Last week I was in Estes Park, CO with a group of pastor colleagues for a third annual Pastor Theologian Retreat. It is a week of fellowship, hiking, and conversation around a reading list of books we’ve all had for months ahead. It truly is a week of sabbath, study and nurture.
This year the retreat could not have come at a better time. The week before on the heels of resigning from Capitol Hill Presbyterian congregation where I’ve been pastor for the past twelve years, my brother Tom Walton died suddenly and unexpectedly. So, a week I had intended to spend making personal contact with many church members, turned into a week with family and friends in the town where I grew up, mourning the death and celebrating the life of my brother. It was the day after doing my brother’s funeral and burial that the retreat began.
Four days into the retreat our group hiked the trail to The Lock and Sky Pond. While descending the trail, a colleague and I were on a section between Alberta Falls and the intersection with Glacier Gorge where a rather long, flat, rocky path hugs a craggy cliff above with a gorge far below with magnificent rock cliffs on the other side of the gorge. It is one of my favorite parts of the trail. We noticed a group of people ahead of us looking up into the craggy cliffs. This usually means wildlife has been sighted.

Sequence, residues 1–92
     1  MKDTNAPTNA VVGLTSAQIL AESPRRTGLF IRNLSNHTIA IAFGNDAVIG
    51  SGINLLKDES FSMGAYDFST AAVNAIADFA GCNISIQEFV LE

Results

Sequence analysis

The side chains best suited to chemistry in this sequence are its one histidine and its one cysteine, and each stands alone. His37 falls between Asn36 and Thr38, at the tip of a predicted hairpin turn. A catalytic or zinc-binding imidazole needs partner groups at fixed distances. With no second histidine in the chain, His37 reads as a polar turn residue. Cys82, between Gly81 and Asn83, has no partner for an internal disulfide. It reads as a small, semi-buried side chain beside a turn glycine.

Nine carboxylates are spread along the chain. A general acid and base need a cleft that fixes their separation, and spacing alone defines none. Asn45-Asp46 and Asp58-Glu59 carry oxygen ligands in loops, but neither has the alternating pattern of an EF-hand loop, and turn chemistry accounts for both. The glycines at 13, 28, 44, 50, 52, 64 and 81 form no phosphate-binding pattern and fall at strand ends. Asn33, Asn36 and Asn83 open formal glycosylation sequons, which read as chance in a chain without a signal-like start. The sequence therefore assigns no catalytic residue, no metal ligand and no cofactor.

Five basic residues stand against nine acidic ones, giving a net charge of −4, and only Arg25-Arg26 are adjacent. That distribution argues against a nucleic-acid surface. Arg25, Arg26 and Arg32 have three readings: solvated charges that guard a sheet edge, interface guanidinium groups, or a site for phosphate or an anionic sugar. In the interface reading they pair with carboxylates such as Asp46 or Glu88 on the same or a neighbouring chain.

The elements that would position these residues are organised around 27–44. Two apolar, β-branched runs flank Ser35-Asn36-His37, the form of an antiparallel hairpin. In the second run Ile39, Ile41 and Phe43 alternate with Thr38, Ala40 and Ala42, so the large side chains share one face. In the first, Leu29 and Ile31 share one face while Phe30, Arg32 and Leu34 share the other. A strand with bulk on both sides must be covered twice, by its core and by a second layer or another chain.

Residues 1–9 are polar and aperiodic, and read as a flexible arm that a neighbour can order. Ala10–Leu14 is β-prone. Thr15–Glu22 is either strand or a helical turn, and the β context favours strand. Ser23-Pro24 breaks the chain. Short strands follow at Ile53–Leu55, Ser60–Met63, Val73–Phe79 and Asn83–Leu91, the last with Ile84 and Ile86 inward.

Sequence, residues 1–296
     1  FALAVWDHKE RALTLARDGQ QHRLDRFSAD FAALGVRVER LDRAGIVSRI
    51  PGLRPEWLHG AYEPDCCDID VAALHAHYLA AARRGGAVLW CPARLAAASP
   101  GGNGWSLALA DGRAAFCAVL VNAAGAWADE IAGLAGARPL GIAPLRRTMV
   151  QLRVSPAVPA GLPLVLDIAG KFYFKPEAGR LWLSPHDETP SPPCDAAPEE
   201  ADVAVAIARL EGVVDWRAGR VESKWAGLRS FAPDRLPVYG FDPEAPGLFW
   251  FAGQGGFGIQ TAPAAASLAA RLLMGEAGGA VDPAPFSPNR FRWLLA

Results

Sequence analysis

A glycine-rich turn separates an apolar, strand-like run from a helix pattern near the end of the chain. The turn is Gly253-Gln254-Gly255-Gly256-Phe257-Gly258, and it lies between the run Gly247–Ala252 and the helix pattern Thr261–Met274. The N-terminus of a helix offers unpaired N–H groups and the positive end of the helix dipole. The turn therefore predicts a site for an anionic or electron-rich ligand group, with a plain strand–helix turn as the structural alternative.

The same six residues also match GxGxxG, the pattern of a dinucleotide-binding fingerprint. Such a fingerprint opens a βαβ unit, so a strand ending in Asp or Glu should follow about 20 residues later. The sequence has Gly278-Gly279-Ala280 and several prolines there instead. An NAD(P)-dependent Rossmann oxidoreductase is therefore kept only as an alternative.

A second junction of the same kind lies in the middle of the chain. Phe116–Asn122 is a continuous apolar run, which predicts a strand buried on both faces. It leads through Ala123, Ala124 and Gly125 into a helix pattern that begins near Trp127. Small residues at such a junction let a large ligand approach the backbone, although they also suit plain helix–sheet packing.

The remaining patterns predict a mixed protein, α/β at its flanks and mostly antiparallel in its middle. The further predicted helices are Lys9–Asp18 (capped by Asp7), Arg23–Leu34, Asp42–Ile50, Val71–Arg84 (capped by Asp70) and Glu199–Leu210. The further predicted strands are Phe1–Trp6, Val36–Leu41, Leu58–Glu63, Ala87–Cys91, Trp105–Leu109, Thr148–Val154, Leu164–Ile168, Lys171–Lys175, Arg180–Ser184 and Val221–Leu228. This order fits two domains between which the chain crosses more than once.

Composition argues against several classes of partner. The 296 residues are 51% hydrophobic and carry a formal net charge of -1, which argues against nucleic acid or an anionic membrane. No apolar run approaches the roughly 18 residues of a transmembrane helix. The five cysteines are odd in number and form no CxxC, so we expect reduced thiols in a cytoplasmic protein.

As we approached we also realized a park ranger was in the group identifying their object of attention as a Big Horned Sheep. Friends who frequently hike in Rocky Mountain National Park tell me that it is rare to see Big Horned Sheep near the most traveled trails, especially one as popular as the trail to The Lock and Sky Pond.
At first it was difficult to see the sheep because he blended in with the earth tones of the cliff. He was posed for a few minutes as if to say, I’ll stay here as long as you want. Then began to effortlessly move along the cliff in the direction we were walking. For several hundred yards we walked together, pausing occasionally, the sheep high above looking down, and us gazing up to see if he was still there. He followed along beside us until stopping just before we turned around a bend. I looked back up one more time and watched him watch us until we were out of sight.
Later when I looked at my photos and zoomed in on several of them it seemed as if that Big Horned Sheep was looking straight at me. That’s when I remembered my brother Tom’s zodiac sign was Aries the Ram.
I don’t put much faith in astrology but I do know that we are all connected with each other and creation in more ways than we can ever imagine. All of Creation truly is One, in life and in death.